Normally it would be nothing for me to pray out loud, but I opted for silent prayer so as not to alarm the girls. I put my hand on his shoulder and started praying. A minute later, he said a little more emphatically, "Jeannie, I really need you to pray." I assured him I was praying, and began to pray more intensely. It was at this time he pulled off the highway and as we traveled up the exit ramp, I realized he was pale and sweating.
I should have prayed out loud. At least the girls would have had some warning.
He stopped at the top of the ramp at a traffic light, and in a split second, I realized that he had gone limp and was jerking all over. I immediately grabbed him and started crying out to God.
"Dear God, HELP US!! No!! Please, God, help us!"....
I am not one to freak out in crisis, but this scared me to death. My initial reaction was to hold him and make sure he was okay. However, our safety moved up my priority list. I realized that his foot had come off the brake and we were gliding into the intersection. There were cars everywhere, including one red car that really should have hit us. It is only by God's hand that the red car missed us. There was a semi-truck coming from the other direction....there was nowhere to go. I grabbed the wheel (I couldn't reach the brake) and tried to pull us over to the side of the road. I switched gears to "park" and prayed that would be enough to stop the van before something terrible happened.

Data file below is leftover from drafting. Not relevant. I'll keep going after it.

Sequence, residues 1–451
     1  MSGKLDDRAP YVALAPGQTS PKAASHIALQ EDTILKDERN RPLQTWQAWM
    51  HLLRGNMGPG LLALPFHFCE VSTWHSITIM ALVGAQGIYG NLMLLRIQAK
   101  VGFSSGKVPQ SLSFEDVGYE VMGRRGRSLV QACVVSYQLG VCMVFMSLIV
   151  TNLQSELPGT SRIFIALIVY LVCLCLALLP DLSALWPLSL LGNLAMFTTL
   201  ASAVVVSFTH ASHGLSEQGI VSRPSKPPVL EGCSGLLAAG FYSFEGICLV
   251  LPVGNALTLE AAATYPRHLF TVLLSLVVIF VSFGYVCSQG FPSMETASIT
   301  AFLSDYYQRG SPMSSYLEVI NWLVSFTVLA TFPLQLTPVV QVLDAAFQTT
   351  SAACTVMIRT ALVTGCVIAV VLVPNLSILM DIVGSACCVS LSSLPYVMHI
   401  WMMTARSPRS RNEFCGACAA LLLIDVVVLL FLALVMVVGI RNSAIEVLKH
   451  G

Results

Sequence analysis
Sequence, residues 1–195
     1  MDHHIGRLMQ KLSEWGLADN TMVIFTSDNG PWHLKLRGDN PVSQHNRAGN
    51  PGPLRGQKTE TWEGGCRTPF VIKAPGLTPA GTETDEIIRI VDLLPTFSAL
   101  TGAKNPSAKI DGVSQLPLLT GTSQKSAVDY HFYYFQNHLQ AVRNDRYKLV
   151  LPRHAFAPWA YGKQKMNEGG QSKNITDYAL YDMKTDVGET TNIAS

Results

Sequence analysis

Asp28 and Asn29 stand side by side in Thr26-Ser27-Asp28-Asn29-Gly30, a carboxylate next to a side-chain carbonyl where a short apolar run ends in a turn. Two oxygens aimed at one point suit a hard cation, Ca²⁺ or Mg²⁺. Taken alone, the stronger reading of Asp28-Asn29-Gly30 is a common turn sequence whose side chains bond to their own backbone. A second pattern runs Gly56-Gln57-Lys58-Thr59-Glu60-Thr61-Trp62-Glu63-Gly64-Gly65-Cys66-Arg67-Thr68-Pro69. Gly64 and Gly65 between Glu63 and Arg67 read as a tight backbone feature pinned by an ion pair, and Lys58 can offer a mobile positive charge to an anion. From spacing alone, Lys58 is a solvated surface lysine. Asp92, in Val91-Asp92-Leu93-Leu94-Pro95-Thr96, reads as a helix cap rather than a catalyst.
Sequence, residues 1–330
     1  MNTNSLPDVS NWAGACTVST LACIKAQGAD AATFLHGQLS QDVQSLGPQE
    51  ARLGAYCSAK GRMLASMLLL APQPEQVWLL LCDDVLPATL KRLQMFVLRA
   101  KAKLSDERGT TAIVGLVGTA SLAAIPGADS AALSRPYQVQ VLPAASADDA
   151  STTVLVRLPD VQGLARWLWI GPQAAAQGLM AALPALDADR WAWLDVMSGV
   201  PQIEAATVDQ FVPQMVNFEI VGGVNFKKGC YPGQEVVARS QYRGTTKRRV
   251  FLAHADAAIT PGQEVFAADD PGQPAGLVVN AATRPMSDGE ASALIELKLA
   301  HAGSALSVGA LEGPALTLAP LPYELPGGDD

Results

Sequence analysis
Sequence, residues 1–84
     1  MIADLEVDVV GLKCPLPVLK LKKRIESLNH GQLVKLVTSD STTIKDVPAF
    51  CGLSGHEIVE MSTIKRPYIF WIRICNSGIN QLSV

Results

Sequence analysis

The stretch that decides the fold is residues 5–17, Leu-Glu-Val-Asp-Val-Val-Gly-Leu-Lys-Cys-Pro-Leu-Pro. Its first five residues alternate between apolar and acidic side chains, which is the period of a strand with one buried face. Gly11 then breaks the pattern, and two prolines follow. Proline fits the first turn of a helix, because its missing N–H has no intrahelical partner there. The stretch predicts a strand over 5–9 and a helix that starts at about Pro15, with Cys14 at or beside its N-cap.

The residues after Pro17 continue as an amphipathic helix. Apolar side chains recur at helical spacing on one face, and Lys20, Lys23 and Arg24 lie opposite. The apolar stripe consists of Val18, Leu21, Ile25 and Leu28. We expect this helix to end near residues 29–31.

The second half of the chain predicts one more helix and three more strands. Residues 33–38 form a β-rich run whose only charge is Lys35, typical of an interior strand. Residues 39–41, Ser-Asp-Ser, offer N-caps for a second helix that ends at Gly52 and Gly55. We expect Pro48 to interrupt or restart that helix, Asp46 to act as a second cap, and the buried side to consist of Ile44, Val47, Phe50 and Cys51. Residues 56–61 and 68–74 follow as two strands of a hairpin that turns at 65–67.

We did stop, right into a huge dirt bank, and I immediately jumped out of the car...again trying not to alarm the girls any further....and called 911.
At this point, Jeff was still passed out and jerking all over and I was terrified. At one point, the 911 operator asked if he was breathing. I looked back and he was slumped over in his seat.
"Oh, dear Lord, please let him be breathing".
About that time, he looked up, very confused, and pointed to the gas station right in front of us.
"Thank you, God He is still breathing."
He moved to the passenger seat and I drove us to the gas station.
To make a long story short, we pulled up to the gas station and the ambulance came within 5 minutes. They took him to the hospital, and as we followed, the questions began. You know, the one million questions from four, very frightened little girls.